When Dee Alkarawy Hamka attended her first Detroit SOUP venture last year, she found herself staring at a magnificent idea that she immediately wanted to bring to Dearborn. She saw members of the Detroit community coming together to support artists, celebrate their heritage, reinvest in their own local talent and, of course, enjoy good food and camaraderie.
“Dearborn has all of these things and I knew we were ready for it,” said Hamka, who is also a budding artist. “By day, I wear the pencil skirt and by night, I’m in my jeans drawing with a pencil."
Hamka, who lives and works in Dearborn, is the driving force behind , happening for the first time at 6:30 p.m. Sunday at the .
According to SOUP information, it is best described as a democratic grassroots micro-grant program; a project that is a loosely organized network of meal-based granting initiatives designed to support local entrepreneurs whose ideas will positively impact the community in the areas of the arts, humanities, or green initiatives.
How it works: Organizers host a dining event (in this instance, soup and salad) and charge a nominal fee, which is the money used for the “grant.”
Three to five previously selected individuals have the opportunity to present their creative project to diners and ask for their vote at the end of the meal. The person with the most votes receives the money from the evening’s dinner to use toward their vision.
The setup and food are provided by generous supporters. Soup and salad (all prepared vegetarian) are donated by volunteers and local businesses. Individuals provide the support for the event.
This is intended to be the first of monthly Dearborn SOUP micro-grant evenings. The group will go on hiatus when Detroit SOUP is hosting their dinners (once a quarter) as there is often crossover energy between groups.
Dearborn is the fourth SOUP in metro Detroit. The other three are Detroit SOUP, Spaulding Court SOUP and Hamtramck SOUP. Detroit SOUP was founded by Katie Daughdrill, who has been instrumental in helping Hamka and others bring the Dearborn SOUP to the table.
The events are intended to move to different locations each month, so all of the furniture and fixings are designed to be mobile. Edward Orlowski, an architecture professor at Lawrence Technological University, and his students designed and built a transportable voting booth for Dearborn SOUP.
Hamka was thrilled with this inventive booth when she saw the concept rendering. “It is so funky and cool, it’s amazing," she said. "I can’t wait to see it in person."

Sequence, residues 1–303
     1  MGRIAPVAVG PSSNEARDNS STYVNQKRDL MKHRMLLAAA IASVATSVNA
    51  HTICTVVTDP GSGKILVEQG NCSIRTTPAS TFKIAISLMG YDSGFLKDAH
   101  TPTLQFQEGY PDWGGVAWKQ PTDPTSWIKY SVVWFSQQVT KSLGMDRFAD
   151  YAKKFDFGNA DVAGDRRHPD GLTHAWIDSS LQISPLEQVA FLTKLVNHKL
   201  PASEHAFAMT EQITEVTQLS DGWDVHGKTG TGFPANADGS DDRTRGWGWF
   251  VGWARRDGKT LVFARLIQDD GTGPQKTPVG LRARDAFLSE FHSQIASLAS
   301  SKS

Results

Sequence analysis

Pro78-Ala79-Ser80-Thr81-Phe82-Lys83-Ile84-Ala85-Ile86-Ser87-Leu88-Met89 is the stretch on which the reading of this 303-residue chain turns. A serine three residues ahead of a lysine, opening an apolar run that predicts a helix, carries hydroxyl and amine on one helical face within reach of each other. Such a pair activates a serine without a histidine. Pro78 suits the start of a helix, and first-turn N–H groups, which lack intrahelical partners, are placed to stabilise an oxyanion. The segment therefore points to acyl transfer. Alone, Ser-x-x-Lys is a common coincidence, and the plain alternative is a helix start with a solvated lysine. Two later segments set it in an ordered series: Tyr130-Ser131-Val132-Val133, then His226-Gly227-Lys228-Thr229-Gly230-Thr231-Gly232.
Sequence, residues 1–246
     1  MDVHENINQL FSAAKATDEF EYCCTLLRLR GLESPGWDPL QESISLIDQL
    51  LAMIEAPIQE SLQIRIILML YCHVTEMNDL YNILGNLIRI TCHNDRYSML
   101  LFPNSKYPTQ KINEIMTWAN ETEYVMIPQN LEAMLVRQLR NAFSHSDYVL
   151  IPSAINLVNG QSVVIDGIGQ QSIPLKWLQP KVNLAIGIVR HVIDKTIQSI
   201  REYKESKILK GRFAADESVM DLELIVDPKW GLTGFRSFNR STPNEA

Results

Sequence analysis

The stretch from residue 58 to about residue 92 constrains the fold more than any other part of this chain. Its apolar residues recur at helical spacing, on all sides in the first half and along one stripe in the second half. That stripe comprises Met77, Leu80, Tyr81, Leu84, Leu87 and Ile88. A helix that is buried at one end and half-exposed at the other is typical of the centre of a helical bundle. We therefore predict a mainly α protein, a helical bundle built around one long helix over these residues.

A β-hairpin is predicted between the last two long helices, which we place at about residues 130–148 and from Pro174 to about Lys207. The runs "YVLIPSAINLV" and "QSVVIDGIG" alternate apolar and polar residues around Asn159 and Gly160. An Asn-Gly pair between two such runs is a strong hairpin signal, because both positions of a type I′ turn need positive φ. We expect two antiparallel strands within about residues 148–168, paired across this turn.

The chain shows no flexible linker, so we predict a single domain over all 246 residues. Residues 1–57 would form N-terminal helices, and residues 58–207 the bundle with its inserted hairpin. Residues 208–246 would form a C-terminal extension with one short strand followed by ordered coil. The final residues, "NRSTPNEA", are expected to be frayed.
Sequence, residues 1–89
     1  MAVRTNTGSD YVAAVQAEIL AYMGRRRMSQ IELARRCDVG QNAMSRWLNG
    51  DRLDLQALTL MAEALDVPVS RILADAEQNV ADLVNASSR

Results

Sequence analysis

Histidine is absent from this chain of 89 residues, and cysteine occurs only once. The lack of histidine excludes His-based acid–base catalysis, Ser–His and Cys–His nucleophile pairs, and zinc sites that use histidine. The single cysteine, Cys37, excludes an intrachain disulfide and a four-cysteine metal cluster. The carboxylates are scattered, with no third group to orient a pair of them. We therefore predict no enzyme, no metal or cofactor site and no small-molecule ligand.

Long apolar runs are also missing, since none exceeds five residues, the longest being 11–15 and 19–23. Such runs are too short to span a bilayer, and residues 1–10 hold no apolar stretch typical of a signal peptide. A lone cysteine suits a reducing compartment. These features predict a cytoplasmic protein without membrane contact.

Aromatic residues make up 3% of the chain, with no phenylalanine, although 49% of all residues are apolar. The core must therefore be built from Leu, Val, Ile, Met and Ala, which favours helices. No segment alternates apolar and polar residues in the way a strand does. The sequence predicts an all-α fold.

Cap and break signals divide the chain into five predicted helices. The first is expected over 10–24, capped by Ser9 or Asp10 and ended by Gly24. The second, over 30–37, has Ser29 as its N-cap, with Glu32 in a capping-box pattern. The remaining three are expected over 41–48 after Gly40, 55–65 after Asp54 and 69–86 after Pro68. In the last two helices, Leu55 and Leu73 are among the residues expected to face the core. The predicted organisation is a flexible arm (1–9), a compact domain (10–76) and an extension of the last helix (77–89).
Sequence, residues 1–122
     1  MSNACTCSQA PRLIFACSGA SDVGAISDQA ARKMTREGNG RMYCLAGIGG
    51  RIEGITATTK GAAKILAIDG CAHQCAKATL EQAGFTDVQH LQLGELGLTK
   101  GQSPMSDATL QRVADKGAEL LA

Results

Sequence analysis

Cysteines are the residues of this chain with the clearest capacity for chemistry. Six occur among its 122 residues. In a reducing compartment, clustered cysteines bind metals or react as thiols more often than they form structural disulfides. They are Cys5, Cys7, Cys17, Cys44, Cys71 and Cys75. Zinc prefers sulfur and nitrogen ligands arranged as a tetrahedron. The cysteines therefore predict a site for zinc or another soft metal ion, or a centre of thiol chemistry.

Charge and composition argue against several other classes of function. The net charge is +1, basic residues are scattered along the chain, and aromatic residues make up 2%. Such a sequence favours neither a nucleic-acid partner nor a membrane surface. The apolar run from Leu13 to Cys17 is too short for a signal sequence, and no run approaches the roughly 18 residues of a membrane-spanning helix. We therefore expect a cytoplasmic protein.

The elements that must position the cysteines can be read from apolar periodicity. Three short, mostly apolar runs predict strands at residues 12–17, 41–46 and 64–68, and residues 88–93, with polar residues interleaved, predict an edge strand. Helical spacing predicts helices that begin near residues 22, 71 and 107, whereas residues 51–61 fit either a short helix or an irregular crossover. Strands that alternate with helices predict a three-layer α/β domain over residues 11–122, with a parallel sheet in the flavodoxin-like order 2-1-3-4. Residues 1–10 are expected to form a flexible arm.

Businesses such as Home Depot on Ford road provided doors (used as tabletops) for the event, donated materials, provided collateral, and many others have contributed time, money and talent to set the stage for SOUP’s ingredients for success.
Melissa Kania, a key member of the organizing team and administrative assistant of the , believes that Dearborn is ripe for this kind of support for the arts.
“There is such an overwhelming sense of community spirit right here in Dearborn; people who are marvelously dedicated to the betterment of the area," Kania said. "I am personally inspired by that."
Kania cited several other new projects that are indicators of this momentum in the Dearborn arts community, such as the Midwest Sculpture Initiative, the innovative ArtSpace and Pockets of Perception from the Dearborn Community Fund.
Fellow organizer and Dearborn Chamber of Commerce President Jennifer Giering shared her enthusiasm for SOUP.
“Dearborn has thoroughly embraced this concept," Giering said. "People are always looking for ways to make a difference and this is a great opportunity that is family-friendly, affordable and impactful.
"I can't wait to see the outpouring of support this Sunday.”
Giering’s predictions may come true as the organizers expect a crowd of 200.
Hamka said this type of innovative, grassroots funding project is in some other markets across the country but is gaining quick momentum in metro Detroit as the community works diligently to recover from difficult economic times.
Local SOUPs have even garnered attention in national media. A Discovery Channel representative has contacted Hamka and may attend Dearborn SOUP on Sunday to get a close-up view. Whether Discovery comes to the table to enjoy SOUP or not, this evening is going to make a positive investment in a worthy local endeavor.
The cost to attend Dearborn SOUP is $5 per person, and tickets available at the door.
If you’re interested in volunteering for the Dearborn SOUP, donating supplies (old doors, dishes, rugs, tables, chairs, etc), donating food or if you’d like to submit an application for grant consideration, call Hamka at 313-801-4444 or e-mail her firstname.lastname@example.org Follow Dearborn SOUP on Facebook.